Fuel Metabolism - The 'switch' between Fasting and Well-fed states
“You are what you eat."
A common proverb, but brimmed with more meaning than the obvious.
Although we consume periodically throughout the day, the human body requires a constant supply of glucose, which it uses as energy or metabolic fuel. The body processes food for immediate energy use, and stores it for later use such as periods of fasting, exercise or starvation.
There are two physiological states of fuel metabolism that we will discuss:
- The Absorptive State
- The Post-absorptive State
Now lets dig in.
The absorptive state, or well-fed state, starts immediately after a meal consumption. Digestion begins in the mouth, where saliva begins to break down carbohydrates into smaller components. Carbohydrate digestion continues in the stomach and small intestines, along with protein and fat digestion. The broken down constituents (from carbohydrates, fats and proteins) are then transported across the intestinal wall and enter the bloodstream. They are taken up by the liver, skeletal muscle cells and adipose tissue for energy use and for storage.
After food, the increase in glucose levels in the portal blood stimulates the pancreatic beta cells to release insulin. Insulin is one of two hormones which is key to our discussion of the body’s fuel metabolism; the other hormone being glucagon (discussed later). What are insulin’s actions? It allows for the absorption of glucose into liver, muscle and adipose cells. As glucose enters the hepatic cells, it is converted into glucose-6-phosphate (by enzyme glucokinase), and generates a concentration gradient with a higher glucose concentration in the blood than in the cells. This gradient permits more glucose to be absorbed. In addition, insulin stimulates the production of glycogen (glycogenesis), which is the storage form of glucose, in the liver and the muscle cells.
Once glycogen stores are filled, insulin stimulates triglyceride and protein synthesis. Glucose undergoes glycolysis to form pyruvate, which is metabolized into Acetyl CoA by the action of enzyme pyruvate dehydrogenase. Acetyl CoA is integral in the synthesis of fatty acids, cholesterol and ultimately triglycerides (lipogenesis) in adipose tissue. In muscle, along with glycogen synthesis, insulin stimulates amino acid uptake by the cells and ultimately stimulates protein synthesis.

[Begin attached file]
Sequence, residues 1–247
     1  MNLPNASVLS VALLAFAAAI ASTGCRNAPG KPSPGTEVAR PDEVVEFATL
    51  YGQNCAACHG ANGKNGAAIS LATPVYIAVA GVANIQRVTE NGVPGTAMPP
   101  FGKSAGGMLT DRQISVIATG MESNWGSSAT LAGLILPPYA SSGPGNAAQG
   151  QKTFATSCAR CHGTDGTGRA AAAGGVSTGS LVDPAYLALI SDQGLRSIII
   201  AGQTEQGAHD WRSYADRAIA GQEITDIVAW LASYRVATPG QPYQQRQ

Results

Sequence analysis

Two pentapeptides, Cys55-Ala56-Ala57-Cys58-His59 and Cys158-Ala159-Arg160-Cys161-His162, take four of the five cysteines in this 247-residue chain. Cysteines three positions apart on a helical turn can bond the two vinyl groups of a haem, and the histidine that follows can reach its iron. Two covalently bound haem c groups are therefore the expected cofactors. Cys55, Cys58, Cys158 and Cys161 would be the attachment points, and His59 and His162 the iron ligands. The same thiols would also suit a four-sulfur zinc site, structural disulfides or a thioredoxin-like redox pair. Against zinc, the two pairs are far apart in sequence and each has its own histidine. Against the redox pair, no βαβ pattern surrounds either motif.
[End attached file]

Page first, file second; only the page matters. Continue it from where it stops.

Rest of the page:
The second state is called the post-absorptive state, also known as the fasting state, which occurs after the food has been ingested, digested, absorbed and stored (usually during an overnight fast). The hormone glucagon released by the pancreatic alpha cells is integral during this state of metabolism. Glucagon levels rise (due to decreased glucose levels in portal blood) in order to stabilize blood glucose levels for supply to the body and its organs. Similar to insulin, glucagon exerts its effect on liver, muscle and adipose tissue (but in an opposite manner).
In the liver, glucagon stimulates glycogen degradation into glucose (glycogenolysis) and release of glucose into the blood for use by other body organs (most importantly, the brain). Once glycogen stores are depleted, glucagon stimulates gluconeogenesis (formation of glucose) from substrates such as Glycerol-3-Phosphate, Lactate and Gluconeogenic amino acids (alanine and glutamine). Due to decrease in pyruvate levels (used in gluconeogenesis), fatty acid synthesis is consequently reduced. In addition, the liver has a large capacity for Beta-Oxidation, as it forms Acetyl CoA at a quantity greater than its oxidizing potential. The Acetyl CoA is used to synthesize ketone bodies, which can also be used as metabolic fuel for skeletal muscle, cardiac muscle and brain tissue.
In adipose tissues and skeletal muscles, glucagon stimulates release of fatty acids and amino acids into the blood, respectively. By the action of epinephrine (catecholamine), the circulating amino acids and fatty acids are taken up by the liver for gluconeogenesis, thereby increasing increasing blood glucose levels.
An exception to these two states: The brain and Red Blood Cells.
- The brain derives its energy by the the oxidation of glucose into carbon dioxide and water (Under BOTH Absorptive and Non-absorptive States). In prolonged fasting/starvation, the brain adapts by utilizing ketones as its prime energy source.
- The Red Blood Cells derive energy anaerobically ONLY through glycolysis (under ALL conditions).
Author: Sangeethabalasri Pugazhendhi
Sources and citations
Rodwell, Victor W. et al. Harper's Illustrated Biochemistry. 30th ed., McGraw-Hill Education, 2018.